Like we saw a few weeks ago, there inevitably will come a time in your career when you’ll have to convince someone else — to change their mind. This is sales; this is, essentially, negotiation. When my client wanted to convince her boss to hire a co-leader team, instead of just one leader, she had to negotiate. And what she learned is that negotiation will always go more smoothly if you can define your own measurements.
When her boss said, “Co-leadership doesn’t work,” part of what he was saying was, I have no evidence and I don’t know how to measure it. Not only does she have to explain why it could work — she had to design the measurements to define what ‘working’ really meant. How would they know this new method was successful? What metrics would they use? Less turnover? Higher profit? Employee satisfaction? And over what period of time? How long was long enough?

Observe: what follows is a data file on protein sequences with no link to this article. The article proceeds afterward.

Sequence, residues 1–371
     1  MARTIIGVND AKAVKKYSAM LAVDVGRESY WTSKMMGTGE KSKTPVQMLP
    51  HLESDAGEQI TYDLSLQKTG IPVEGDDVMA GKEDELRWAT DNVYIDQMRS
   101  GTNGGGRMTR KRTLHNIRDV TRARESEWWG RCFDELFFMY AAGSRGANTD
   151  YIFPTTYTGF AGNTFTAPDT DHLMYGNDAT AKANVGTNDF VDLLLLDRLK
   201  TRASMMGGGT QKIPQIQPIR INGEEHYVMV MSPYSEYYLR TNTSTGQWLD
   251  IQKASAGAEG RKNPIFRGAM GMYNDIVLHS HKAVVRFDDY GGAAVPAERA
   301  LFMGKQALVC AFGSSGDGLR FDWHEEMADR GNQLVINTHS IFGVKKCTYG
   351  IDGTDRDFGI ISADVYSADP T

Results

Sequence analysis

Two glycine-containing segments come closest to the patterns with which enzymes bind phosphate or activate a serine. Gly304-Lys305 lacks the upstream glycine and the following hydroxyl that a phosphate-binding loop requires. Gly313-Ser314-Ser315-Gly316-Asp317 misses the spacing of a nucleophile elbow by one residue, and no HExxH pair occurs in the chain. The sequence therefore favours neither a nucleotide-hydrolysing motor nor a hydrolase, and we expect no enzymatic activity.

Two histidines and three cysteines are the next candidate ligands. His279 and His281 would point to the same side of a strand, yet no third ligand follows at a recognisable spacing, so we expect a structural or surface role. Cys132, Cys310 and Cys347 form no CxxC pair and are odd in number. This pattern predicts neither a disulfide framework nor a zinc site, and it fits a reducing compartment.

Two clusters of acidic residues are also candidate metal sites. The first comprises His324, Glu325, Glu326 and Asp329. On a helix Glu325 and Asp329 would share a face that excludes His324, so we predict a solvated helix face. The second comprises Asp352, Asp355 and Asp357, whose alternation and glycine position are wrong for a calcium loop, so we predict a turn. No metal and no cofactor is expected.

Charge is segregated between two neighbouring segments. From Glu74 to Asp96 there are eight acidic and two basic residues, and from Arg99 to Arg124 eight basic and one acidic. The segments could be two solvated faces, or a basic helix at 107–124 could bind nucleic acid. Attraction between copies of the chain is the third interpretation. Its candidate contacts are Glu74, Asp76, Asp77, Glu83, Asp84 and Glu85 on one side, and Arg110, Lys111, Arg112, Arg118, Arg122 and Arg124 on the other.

The same goes for any negotiation, really. If you want a pay raise, define your measurements of success. How have you contributed to the company? What metrics show your own growth and that of your team? This is what negotiating is: not trying to convince someone you’re right, but showing them with clear evidence the measurements that prove you’re right. The unfortunate truth, as Anias Nin taught us, is that we don’t see the world as it is — we see the world as we are. Therefore, they may be looking west for an answer when it’s standing a few yards behind them jumping up and down — but they haven’t turned east to see it. They may be simply missing a new dawn coming over the horizon, and it’s your job to get them to turn around, to stop looking at what was, and start looking at what can be.
Anytime you’re faced with a negotiation, define your measurement of success.